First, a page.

he newly elected government unveiled an ambitious plan to ban sales of new petrol and diesel vehicles in France by 2040. The measure is part of a wider action plan that will see the country become carbon neutral by 2050.
Nicola Hulot, Minister of Ecological and Solidary Transition in the Philippe Government, said his cabinet recognizes that automakers — a huge part of the French industry — will feel pressured but added he’s been briefed French companies can ‘fulfill that promise’.
During the same announcement, Hulot, a former journalist and environmental activist, stated that the nation will stop using coal to produce electricity by 2022. To further boost the country’s commitments under the Paris Agreement, France will invest €4bn to increase energy efficiency and keep greenhouse gas leaks to a minimum. Very recently, President Trump made the first steps to pull the USA out of the Paris Agreement, a controversial decision that has distanced America from climate leaders. Pascal Canfin, the head of WWF France and a former Green politician, said the new government policy “places France among the leaders of climate action in the world.”
Mr. Hulot noted that poorer households that might not afford to switch to a cleaner alternative, like an electric or gas-run vehicle, will receive a premium to make the transition smoother.
“We want to demonstrate that fighting against climate change can lead to an improvement of French people’s daily lives,” he told a crowd of journalists.
The Netherlands and Norway said they also want to rid themselves of petrol and diesel vehicles with a target of 2025, only eight years from now. Germany and India have similar plans with 2030 as a target. The French plan, however, sounds a bit more realistic.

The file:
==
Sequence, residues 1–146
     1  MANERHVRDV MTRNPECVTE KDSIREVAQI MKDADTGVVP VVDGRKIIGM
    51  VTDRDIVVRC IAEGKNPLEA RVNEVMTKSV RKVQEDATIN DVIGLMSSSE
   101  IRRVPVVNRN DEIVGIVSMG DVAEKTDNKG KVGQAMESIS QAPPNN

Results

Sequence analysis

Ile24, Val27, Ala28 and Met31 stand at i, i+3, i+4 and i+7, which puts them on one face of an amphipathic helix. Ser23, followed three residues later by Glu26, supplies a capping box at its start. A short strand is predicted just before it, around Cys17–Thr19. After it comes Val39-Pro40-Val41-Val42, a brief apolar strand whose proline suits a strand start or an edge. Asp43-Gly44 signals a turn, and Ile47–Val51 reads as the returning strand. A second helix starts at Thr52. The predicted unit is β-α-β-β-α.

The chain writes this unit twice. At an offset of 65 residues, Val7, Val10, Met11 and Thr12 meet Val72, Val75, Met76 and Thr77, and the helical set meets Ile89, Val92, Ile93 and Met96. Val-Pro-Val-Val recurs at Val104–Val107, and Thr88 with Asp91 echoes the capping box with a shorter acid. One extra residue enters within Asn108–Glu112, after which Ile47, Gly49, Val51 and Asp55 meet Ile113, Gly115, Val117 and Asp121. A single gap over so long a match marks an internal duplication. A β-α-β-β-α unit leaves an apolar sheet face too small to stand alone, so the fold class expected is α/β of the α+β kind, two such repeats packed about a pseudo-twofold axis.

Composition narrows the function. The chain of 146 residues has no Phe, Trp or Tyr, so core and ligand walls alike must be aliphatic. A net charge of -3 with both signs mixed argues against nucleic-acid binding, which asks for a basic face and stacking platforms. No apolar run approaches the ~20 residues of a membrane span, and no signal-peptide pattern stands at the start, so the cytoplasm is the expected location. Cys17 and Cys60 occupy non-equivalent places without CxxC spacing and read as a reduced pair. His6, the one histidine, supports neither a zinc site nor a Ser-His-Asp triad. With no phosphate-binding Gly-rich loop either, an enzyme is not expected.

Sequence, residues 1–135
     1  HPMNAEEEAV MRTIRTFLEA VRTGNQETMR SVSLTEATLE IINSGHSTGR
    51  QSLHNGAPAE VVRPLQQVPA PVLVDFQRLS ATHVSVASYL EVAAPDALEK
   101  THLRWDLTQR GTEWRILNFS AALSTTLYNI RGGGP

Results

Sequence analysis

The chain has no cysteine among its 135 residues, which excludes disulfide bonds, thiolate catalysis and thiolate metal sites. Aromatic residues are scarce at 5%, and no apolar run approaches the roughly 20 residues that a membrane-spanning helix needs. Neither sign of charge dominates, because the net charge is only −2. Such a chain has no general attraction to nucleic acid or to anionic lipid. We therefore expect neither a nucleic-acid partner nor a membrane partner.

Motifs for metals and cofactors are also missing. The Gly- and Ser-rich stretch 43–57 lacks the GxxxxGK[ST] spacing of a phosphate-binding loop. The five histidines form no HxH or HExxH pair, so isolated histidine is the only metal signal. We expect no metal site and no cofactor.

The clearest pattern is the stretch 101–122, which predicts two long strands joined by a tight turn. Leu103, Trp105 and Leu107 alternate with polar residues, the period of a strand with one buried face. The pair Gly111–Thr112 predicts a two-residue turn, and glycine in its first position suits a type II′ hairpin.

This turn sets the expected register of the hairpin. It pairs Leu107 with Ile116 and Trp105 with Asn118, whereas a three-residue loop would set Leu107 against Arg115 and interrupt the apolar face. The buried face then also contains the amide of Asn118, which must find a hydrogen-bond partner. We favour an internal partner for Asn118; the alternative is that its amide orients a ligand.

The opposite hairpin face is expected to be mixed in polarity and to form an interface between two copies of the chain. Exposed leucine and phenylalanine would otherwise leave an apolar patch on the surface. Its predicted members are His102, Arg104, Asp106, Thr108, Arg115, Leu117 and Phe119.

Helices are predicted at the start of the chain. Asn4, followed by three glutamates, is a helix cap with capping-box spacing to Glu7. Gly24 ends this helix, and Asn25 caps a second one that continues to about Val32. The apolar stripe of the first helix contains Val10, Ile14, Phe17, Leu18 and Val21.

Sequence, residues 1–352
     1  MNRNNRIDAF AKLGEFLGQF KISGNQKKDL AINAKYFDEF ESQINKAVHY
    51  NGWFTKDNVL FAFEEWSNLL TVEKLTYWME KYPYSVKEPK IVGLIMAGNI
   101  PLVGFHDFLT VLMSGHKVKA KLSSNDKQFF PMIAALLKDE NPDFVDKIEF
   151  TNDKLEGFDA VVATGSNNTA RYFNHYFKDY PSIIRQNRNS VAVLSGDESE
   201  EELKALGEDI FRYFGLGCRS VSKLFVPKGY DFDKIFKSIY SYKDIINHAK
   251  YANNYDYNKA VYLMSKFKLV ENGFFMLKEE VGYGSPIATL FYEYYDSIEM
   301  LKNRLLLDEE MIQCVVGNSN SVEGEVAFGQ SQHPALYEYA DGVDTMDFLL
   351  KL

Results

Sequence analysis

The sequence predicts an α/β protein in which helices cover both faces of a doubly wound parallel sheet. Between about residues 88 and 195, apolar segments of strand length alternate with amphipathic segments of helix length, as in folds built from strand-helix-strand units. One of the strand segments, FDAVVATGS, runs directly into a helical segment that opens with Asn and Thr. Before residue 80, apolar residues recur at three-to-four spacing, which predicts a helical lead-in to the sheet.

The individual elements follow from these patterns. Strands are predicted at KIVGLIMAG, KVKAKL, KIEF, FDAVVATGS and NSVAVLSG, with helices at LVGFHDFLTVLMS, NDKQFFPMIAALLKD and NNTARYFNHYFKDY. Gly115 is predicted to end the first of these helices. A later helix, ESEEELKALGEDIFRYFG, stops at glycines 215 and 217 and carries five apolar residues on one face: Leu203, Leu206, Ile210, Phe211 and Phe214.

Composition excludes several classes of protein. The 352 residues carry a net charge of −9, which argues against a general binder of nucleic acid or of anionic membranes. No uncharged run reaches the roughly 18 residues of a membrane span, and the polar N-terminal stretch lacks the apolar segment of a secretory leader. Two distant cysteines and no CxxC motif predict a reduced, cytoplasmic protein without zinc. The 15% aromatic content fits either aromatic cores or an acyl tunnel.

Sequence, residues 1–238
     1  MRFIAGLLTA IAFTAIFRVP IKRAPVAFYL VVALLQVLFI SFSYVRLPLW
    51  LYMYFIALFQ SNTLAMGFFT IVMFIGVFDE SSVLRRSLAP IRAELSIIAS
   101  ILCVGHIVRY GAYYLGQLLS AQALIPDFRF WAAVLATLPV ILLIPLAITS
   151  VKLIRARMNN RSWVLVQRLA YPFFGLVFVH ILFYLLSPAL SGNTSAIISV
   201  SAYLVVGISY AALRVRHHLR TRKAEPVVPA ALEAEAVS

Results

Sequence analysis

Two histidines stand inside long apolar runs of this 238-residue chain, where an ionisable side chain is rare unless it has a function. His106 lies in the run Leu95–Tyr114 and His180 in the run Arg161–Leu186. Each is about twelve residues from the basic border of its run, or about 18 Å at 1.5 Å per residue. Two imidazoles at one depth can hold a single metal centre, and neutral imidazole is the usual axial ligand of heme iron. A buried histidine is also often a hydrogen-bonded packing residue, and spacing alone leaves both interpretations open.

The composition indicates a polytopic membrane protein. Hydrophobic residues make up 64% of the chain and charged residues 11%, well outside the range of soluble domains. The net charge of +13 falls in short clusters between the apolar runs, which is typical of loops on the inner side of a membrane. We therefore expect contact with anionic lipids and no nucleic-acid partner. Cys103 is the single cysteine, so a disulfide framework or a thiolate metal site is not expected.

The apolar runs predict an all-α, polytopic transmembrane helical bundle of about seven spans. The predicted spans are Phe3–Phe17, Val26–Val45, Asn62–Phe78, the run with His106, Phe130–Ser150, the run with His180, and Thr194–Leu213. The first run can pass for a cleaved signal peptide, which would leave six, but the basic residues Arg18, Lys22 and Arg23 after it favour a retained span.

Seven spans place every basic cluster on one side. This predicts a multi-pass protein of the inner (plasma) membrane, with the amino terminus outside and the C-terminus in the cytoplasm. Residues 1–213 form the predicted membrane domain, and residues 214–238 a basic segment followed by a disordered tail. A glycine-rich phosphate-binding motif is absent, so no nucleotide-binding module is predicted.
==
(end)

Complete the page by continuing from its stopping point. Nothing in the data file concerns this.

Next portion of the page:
““The timescale involved here is sufficiently long term to be taken seriously. If enacted it would send a very clear signal to manufacturers and consumers of the direction of travel and may accelerate a transition to electric cars,” Prof David Bailey, an automotive industry expert at Aston University, told The Guardian.
France is already well on track to meets its Paris Agreement pledges. Some 75 percent of the country’s electricity comes from nuclear power whereas Poland relies on coal for a staggering ~90% of its electricity. Even so, Hulot said France wants to reduce nuclear energy use to just 50 percent of the country’s energy mix by 2025.
This move is one of the several science-conscious decisions the new government has already pledged to. Just yesterday, they announced that 8 more vaccines will be mandatory for French children starting 2018, following the recommendations of the World Health Organization.